Ex-Georgia trooper facing murder charge granted bond

Julian Lewis was shot in the head by now-fired Georgia State trooper Jacob Thompson, who faces murder in the death. (Handout photos)

Credit: Handout photos

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Julian Lewis was shot in the head by now-fired Georgia State trooper Jacob Thompson, who faces murder in the death. (Handout photos)

Credit: Handout photos

A Georgia State Patrol trooper who was fired after being charged with murder in the death of a motorist was granted bond Monday morning.

Jacob Thompson was given a $100,000 bond by Superior Court Judge F. Gates Peed in Screven County, north of Statesboro. Thompson was released from the county jail hours after the judge’s order.

Julian Lewis, 60, was shot in the head on Aug. 7 by Thompson, who GBI agents have alleged gave inconsistent statements regarding events leading up to the shooting. Thompson said he thought Lewis was about to run him over because he revved the engine, but authorities found the car was actually disabled when the trooper fired.

Lewis’ family previously was buoyed by the knowledge that Thompson was held without bond because police officers who faced charges in homicide cases generally are granted bond. Lewis’ son, Brook Bacon, said he was disappointed but not surprised by the judge’s decision.

“It just doesn’t seem to fall in line with justice,” Bacon said in a news conference held via the Zoom video conferencing platform.

In the bond order, the judge imposed standard restrictions on Thompson, including that he stay away from guns, drugs and alcohol, as well as maintain employment. It isn’t clear if Thompson has a job secured. The state patrol terminated him after the shooting. The judge said four police officers had testified that Thompson wasn’t likely to flee prosecution.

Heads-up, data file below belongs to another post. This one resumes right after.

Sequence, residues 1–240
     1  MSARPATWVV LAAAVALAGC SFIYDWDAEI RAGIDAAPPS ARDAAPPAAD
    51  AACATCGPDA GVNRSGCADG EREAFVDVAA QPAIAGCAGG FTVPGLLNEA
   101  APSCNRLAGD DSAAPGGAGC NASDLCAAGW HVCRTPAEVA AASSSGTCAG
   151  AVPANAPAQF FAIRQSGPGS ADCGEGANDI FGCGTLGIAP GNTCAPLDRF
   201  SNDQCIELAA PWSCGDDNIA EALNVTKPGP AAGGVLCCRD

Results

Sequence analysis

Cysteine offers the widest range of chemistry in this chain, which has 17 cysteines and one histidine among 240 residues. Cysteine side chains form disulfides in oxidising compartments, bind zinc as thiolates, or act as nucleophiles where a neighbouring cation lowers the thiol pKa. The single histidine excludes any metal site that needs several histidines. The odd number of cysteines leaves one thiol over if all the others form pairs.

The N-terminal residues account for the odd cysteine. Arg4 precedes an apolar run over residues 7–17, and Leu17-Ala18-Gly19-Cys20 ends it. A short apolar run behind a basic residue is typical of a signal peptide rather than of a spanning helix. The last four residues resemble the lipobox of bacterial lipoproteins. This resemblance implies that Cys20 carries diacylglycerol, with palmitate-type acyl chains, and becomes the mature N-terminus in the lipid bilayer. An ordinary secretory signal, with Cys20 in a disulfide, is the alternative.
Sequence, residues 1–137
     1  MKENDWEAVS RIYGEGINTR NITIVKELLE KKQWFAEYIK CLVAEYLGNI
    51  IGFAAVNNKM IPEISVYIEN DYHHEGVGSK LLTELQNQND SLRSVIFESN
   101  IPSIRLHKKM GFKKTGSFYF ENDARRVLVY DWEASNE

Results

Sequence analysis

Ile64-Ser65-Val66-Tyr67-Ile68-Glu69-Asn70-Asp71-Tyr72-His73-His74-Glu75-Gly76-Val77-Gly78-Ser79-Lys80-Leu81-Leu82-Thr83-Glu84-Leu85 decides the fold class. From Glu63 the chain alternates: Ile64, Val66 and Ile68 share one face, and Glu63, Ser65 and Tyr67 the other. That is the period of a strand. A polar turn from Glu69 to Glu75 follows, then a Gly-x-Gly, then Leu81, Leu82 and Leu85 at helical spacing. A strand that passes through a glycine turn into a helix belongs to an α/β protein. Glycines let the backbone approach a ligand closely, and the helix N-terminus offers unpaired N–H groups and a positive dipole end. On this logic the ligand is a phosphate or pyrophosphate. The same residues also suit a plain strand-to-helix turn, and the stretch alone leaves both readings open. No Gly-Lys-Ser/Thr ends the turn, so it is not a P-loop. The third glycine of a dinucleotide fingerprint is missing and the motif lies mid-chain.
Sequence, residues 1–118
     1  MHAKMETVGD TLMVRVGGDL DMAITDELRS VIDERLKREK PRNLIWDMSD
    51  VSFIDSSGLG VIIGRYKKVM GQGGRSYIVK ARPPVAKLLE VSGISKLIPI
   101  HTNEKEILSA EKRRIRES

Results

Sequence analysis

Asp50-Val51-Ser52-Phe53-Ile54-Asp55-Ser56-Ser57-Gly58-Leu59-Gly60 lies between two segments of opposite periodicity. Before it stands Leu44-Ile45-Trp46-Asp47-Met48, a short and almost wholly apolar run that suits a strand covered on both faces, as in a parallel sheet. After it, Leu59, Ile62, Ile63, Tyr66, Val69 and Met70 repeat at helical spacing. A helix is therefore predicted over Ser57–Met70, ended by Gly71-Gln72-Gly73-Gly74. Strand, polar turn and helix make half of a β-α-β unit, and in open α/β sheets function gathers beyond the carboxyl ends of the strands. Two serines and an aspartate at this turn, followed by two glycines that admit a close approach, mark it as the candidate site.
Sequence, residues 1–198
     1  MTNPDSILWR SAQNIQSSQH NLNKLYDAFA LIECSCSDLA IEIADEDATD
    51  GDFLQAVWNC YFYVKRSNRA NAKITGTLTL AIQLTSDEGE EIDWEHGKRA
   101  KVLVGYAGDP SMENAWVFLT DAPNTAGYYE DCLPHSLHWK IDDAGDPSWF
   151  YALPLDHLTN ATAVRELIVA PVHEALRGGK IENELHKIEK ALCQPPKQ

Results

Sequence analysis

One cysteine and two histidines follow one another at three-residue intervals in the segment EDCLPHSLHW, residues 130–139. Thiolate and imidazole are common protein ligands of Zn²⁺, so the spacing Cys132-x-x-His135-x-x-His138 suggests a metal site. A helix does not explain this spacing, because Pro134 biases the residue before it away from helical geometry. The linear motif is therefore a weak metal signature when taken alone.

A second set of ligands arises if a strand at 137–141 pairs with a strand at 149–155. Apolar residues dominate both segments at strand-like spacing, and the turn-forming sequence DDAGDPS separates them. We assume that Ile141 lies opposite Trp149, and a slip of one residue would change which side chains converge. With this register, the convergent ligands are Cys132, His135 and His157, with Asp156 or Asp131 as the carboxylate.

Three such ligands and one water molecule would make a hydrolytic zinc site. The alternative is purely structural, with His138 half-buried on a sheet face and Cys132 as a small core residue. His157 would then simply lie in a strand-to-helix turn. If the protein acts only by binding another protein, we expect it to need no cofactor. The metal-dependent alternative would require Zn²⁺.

Lewis family attorneys Francys Johnson and Mawuli Davis opposed the bond and said it lines up with what is common in the rare cases where police officers face charges of killing Black people. Lewis was Black, Thompson white.

”Before he could ask him his name, he had already decided he should die,” Johnson said during the news conference.

Johnson pointed out that the bond decision had nothing to do with the strength or weakness of the case against Thompson, as Georgia law bars judges from considering that when weighing whether a defendant should stay in jail before trial.

Last week, the family announced their intention to sue the state for $13 million, arguing that Thompson behaved recklessly while attempting to pull over Lewis for an alleged tail light violation. When Lewis continued driving, Thompson used his cruiser to push the car off the road and shot him about a second later, authorities have said.

An attorney for Thompson didn’t immediately respond to a request for comment Monday.